There is no question that Donna Lou Rayhons had severe Alzheimer’s.

In the days before being placed in a nursing home in Garner, Iowa, last year, Mrs. Rayhons, 78, could not recall her daughters’ names or how to eat a hamburger. One day, she tried to wash her hands in the toilet of a restaurant bathroom.

But another question has become the crux of an extraordinary criminal case unfolding this week in an Iowa courtroom: Was Mrs. Rayhons able to consent to sex with her husband?

Read the full story here.

Let's suppose she, in her demented state gave consent and even enjoyed the sex, perhaps not even realizing whom she was having sex with.

There's a saying  that "Hard cases make bad law." Are we on the verge of making bad law here? Or is the state right defending his (now dead) wife against partner rape?

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I wouldn't say an absolute yes but I can't imagine very many cases where the person wouldn't have wanted to be driven home nor is it easy to imagine many cases where a person would remain angry with you, end a friendship over it, nor can I imagine this being against any reasonable law if you did it in good faith.

So, speculation as to what the other person would want allows one to make decisions for them. So, my normal sex partner is drunk but not unconscious and is seeming a little randy. I know that normally she's up for sex under almost any circumstance but often enjoys getting tipsy first. Is it okay, based on my assumption or speculation, to go ahead and have sex with her?

I would say that the consequences, if it turns out the person didn't want to be driven home, are no where near as dire as the consequences would be, if you went ahead without someones permission and inserted your penis into their orifices and it turned out they didn't want you to.

So, I'm too drunk to give consent to sex, but a considerate person sees me walking to my car and more or less drags me to his car and drives me home over my verbal protests, though I finally relent and consent to be driven home. On the way, he gets into a stupid accident and I lose my legs. I did consent to get into his car though I wasn't together enough to consent to sex, does my consent to the ride count at all then?

My point is "The ability to consent isn't circumstantial. You are either legally capable of legal consent or you are not. If you are not able to consent to sex or to sign a contract, it seems to me you can't consent to much of anything.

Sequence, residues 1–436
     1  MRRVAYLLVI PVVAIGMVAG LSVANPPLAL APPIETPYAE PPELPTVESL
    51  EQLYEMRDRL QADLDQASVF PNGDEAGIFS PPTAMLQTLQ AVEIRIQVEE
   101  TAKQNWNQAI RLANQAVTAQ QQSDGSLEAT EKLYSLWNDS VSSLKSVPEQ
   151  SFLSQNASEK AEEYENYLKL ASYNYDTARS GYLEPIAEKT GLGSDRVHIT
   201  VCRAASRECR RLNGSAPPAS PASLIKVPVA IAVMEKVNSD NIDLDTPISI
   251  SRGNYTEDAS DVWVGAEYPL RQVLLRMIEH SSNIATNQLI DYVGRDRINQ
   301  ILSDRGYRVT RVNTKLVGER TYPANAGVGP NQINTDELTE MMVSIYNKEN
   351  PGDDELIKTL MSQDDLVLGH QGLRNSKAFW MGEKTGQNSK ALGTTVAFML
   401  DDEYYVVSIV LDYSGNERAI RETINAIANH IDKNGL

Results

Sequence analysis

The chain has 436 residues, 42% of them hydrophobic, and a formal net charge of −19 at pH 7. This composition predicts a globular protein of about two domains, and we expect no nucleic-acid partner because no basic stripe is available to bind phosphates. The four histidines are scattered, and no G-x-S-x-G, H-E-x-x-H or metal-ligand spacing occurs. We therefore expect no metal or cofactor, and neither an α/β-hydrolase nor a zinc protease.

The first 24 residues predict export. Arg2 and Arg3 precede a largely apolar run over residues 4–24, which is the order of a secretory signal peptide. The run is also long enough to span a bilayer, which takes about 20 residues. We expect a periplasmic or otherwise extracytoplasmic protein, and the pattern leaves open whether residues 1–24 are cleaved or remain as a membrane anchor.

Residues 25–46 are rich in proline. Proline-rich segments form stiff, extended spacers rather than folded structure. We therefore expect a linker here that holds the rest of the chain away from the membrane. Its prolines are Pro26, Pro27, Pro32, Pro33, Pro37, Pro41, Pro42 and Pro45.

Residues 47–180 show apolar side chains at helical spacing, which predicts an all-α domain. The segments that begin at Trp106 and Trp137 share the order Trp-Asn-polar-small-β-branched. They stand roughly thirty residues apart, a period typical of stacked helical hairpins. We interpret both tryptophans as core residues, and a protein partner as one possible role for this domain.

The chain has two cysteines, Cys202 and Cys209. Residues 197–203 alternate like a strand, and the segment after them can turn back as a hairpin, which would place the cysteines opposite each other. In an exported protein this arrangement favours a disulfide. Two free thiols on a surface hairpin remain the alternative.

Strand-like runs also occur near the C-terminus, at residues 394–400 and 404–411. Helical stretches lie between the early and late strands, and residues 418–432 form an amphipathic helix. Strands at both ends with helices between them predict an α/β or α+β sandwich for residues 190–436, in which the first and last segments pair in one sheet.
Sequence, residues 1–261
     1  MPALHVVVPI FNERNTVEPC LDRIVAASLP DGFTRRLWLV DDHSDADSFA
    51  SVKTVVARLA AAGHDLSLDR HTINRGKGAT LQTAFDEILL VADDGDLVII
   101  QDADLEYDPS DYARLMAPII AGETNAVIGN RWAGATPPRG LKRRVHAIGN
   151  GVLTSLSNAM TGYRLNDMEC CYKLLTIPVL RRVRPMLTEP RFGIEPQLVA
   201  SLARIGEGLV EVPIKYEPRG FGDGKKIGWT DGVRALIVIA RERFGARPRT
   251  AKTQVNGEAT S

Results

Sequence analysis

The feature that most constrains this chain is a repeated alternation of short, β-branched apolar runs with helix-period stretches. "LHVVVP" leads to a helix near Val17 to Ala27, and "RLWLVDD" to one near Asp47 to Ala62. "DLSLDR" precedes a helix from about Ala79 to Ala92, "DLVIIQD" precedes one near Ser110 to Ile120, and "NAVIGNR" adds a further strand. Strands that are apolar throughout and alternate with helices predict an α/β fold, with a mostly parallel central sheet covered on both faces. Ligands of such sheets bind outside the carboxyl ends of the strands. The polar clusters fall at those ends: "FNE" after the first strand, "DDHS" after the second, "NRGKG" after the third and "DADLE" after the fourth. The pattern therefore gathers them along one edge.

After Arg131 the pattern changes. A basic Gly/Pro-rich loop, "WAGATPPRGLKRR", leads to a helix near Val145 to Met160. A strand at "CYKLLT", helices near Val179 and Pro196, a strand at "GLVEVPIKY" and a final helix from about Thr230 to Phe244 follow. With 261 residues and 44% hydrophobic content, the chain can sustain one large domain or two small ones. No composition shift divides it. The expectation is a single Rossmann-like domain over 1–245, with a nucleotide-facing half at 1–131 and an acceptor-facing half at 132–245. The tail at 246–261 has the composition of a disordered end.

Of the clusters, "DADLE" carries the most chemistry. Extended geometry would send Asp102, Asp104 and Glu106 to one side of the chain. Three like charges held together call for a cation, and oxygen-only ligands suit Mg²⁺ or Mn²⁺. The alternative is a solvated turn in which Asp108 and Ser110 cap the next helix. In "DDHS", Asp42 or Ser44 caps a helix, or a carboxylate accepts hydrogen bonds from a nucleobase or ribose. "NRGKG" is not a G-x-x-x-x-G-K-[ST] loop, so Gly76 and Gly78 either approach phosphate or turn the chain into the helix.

I think you have to admit that this matter of legal consent is a rather thorny one, unless you start generating a list of where consent is required and where it is not. And I don't think we want to go down that road.

Please don't make my conclusions for me if you cannot pay close attention to what I have said.

I did not imply that speculation as to what the other person would want allows one to make decisions for them. What I implied was, speculation as to what the other person would want, in combination with the scale of the consequences if you turn out to be wrong will help you decide if it is worth taking the risk and end up doing something disasterous or not.

Not the same thing at all.

Driving someone home even though they might not want you to...potentially slightly disasterous (and probably not going to get you in jail).

Inserting your penis in an orifice even though someone might not want you to...highly highly dangerous, likely disasterous and if you're in a country where it's legal system is worth anything...very well might get you in jail.

unless you start generating a list of where consent is required and where it is not

No. In both cases consent is important but in one of these cases the likelihood of something going wrong and the consequences if you go wrong are truly "high stakes".

I was bringing you back to a discussion of consent and what constitutes adequate consent, NOT what you're likely to be able to get away with. When you want to discuss what counts as consent, we can get back on topic. 

Until then, you aren't really paying attention to me.

No. Not really. You're just using the slippery slope to make the idea of consent seem more problematic than it is. Consent (in these examples) is only an issue when something disasterous or at least problematic comes along or when the person protests even if they are pleased with the result. Comparing a trivial matter of consent (with the rare chance of disaster) with an extremely serious matter of consent...does nothing to answer the question "what is consent".

If you want a broad answer to the question "what is consent" then why don't you just ask the question "what is consent" instead of slippery sloping your way out if it?

I am doing a linguistic analysis on the word/concept "consent" and how it is used and what it really means. That is my explanation of what I'm doing. 

I'm wondering if one can lack the ability to consent for one thing but be able to give consent in the same condition for something else. It seems to me that that doesn't make a lot of sense. Either you have enough going for you intellectually to give consent generally or else there is a list of things requiring different kinds or degrees of consent.

Coincidentally, a couple attorneys, one a prosecutor and one a defense attorney, agree on one thing. The issue of consent is one of the most difficult issues in the law.

While my actual intention was to use the Rayons partner wife rape case as a springboard to a more general discussion on rape and consent in the context of dementia, I'm sure you'll be interested to know how the case turned out. He was found not guilty.


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